From: SUE MAJOR HOLMES, Associated Press Writer
Published February 3, 2005 12:00 AM

Environmental Group Says Oil and Gas Wells in Western States not Being Inspected Enough

ALBUQUERQUE, N.M.--


An environmental group says oil and gas wells in five western states aren't being inspected often enough, and the inspections that are done are more likely for production than ecological concerns.





In a report released Wednesday, the Western Organization of Resource Councils said New Mexico, Colorado, Montana, Wyoming and North Dakota have 79 percent of the active wells on Bureau of Land Management land nationwide, but only 26 percent of the inspectors.





Inspections do not keep up with the rapid pace of oil and gas development, few enforcement actions are taken even when problems are identified, and citizens' complaints often are ignored, according to the report.





Former state regulator Oscar Simpson, who is president of the New Mexico Wildlife and a member of the National Rifle Association, said regulations are being bent to help the oil and gas companies because less money spent on regulation and environmental cleanup means more in profits for the industry.





Simpson said oil and gas development is hurting New Mexico's environment by fragmenting wildlife habitat, reducing the ability of public lands to support other uses, such as recreation and grazing, and polluting the environment.





Budgets for environmental protection in regulatory agencies are minimal and the overriding objective is voluntary compliance rather than enforcement, he said.





The council recommended the BLM require annual environmental inspections for active wells, issue new drilling permits only if inspection goals are met, set clear policies on enforcement and encourage the public to report perceived violations and investigate those complaints.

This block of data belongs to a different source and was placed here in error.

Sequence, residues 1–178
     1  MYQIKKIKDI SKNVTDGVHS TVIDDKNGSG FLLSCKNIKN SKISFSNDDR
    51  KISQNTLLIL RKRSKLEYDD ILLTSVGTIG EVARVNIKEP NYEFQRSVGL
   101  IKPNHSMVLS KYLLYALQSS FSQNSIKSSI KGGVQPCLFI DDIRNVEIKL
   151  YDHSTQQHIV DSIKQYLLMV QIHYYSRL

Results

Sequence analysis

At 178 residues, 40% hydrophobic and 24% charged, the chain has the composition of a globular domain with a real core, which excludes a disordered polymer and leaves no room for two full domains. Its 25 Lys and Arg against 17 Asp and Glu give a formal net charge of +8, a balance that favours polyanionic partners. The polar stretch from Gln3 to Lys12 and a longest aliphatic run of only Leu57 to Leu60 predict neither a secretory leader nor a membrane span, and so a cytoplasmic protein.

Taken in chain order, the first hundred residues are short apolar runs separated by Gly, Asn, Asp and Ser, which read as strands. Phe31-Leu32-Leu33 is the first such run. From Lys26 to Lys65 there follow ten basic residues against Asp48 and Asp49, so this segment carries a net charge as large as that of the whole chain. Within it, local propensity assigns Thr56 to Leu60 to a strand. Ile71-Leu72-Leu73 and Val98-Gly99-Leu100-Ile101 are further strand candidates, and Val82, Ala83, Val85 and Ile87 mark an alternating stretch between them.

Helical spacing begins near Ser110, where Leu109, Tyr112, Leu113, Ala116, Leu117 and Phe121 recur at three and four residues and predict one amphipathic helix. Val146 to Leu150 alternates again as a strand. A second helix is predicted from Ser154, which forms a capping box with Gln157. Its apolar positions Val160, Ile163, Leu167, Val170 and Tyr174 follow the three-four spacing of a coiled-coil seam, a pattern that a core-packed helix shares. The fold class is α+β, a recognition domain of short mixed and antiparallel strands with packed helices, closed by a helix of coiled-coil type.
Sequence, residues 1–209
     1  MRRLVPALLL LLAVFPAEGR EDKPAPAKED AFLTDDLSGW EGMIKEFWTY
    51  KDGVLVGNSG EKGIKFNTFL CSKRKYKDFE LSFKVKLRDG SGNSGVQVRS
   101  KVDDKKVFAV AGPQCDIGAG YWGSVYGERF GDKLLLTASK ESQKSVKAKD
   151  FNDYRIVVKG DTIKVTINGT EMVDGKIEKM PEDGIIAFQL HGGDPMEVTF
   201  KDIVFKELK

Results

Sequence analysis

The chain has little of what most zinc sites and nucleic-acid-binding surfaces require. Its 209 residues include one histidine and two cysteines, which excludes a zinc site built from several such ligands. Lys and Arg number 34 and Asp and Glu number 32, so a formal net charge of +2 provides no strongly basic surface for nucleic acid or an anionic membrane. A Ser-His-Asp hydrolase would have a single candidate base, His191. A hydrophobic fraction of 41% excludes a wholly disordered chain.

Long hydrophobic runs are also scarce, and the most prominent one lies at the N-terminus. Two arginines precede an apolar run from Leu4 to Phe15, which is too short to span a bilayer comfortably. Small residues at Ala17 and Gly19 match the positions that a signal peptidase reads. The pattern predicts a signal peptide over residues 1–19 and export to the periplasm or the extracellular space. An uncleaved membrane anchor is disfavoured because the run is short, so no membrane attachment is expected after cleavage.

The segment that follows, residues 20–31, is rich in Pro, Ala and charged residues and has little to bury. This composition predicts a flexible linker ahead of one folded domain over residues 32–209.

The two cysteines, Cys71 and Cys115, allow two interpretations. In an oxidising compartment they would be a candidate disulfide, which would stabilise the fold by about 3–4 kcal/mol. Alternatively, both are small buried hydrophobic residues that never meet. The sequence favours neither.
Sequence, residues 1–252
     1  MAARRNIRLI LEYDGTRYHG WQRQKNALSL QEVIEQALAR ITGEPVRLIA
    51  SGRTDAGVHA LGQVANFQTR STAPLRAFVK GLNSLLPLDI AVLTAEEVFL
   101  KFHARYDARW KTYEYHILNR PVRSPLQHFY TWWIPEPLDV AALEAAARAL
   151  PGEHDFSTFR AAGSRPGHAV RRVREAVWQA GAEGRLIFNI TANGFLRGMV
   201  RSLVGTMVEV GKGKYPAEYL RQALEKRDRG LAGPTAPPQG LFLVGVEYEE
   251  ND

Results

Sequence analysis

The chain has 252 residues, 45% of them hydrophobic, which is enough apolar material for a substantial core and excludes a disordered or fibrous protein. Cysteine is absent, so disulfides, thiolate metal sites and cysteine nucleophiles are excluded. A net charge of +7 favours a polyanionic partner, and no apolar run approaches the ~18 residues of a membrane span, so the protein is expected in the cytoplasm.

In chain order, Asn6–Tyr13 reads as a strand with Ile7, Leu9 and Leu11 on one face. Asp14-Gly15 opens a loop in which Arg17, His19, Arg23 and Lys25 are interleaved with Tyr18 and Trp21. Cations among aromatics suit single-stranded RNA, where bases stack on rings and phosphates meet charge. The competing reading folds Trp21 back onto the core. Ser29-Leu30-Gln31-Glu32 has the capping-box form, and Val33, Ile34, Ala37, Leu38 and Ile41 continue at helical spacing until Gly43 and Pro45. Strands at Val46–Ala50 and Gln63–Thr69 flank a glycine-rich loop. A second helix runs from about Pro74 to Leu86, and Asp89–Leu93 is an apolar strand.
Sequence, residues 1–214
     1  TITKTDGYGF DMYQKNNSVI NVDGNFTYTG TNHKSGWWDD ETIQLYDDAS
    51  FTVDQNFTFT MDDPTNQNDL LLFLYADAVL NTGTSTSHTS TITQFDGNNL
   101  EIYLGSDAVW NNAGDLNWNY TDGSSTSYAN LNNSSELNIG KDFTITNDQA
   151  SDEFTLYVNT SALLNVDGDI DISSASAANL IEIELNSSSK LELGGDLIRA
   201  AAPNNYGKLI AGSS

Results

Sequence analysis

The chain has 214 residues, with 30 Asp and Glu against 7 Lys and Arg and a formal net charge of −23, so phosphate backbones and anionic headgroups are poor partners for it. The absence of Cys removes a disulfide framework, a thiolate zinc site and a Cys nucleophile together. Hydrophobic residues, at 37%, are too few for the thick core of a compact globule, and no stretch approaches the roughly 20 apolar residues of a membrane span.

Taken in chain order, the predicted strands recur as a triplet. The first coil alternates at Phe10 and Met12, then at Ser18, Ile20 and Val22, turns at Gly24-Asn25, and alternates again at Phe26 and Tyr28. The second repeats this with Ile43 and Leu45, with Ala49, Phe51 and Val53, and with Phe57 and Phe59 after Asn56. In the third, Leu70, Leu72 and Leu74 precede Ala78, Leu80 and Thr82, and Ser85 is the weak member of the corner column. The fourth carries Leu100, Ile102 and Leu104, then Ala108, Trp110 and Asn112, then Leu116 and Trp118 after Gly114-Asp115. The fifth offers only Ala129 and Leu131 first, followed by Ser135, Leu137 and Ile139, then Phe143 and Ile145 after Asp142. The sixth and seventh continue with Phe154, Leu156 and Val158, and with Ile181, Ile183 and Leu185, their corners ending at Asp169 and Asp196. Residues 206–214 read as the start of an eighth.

It said there should be enough inspectors so each is responsible for no more than 300 active wells, and that inspections should be often enough and fines high enough to ensure compliance.





The report said the New Mexico Oil Conservation Division issued 1,940 notices of noncompliance or violation in 2003, while the Farmington BLM office issued 503. The state agency collected seven fines; the BLM office none.





A spokesman for the state agency did not immediately return a call from The Associated Press.





But Hans Stuart, a spokesman for the BLM in New Mexico, said the federal agency has a relationship with the oil and gas industry that allows it to handle problems before they're serious enough to mean fines.





Steve Henke, manager of the Farmington BLM office, said his office resolves issues at the lowest level _ a noncompliance report _ so they don't escalate to penalties or suspending a lease.


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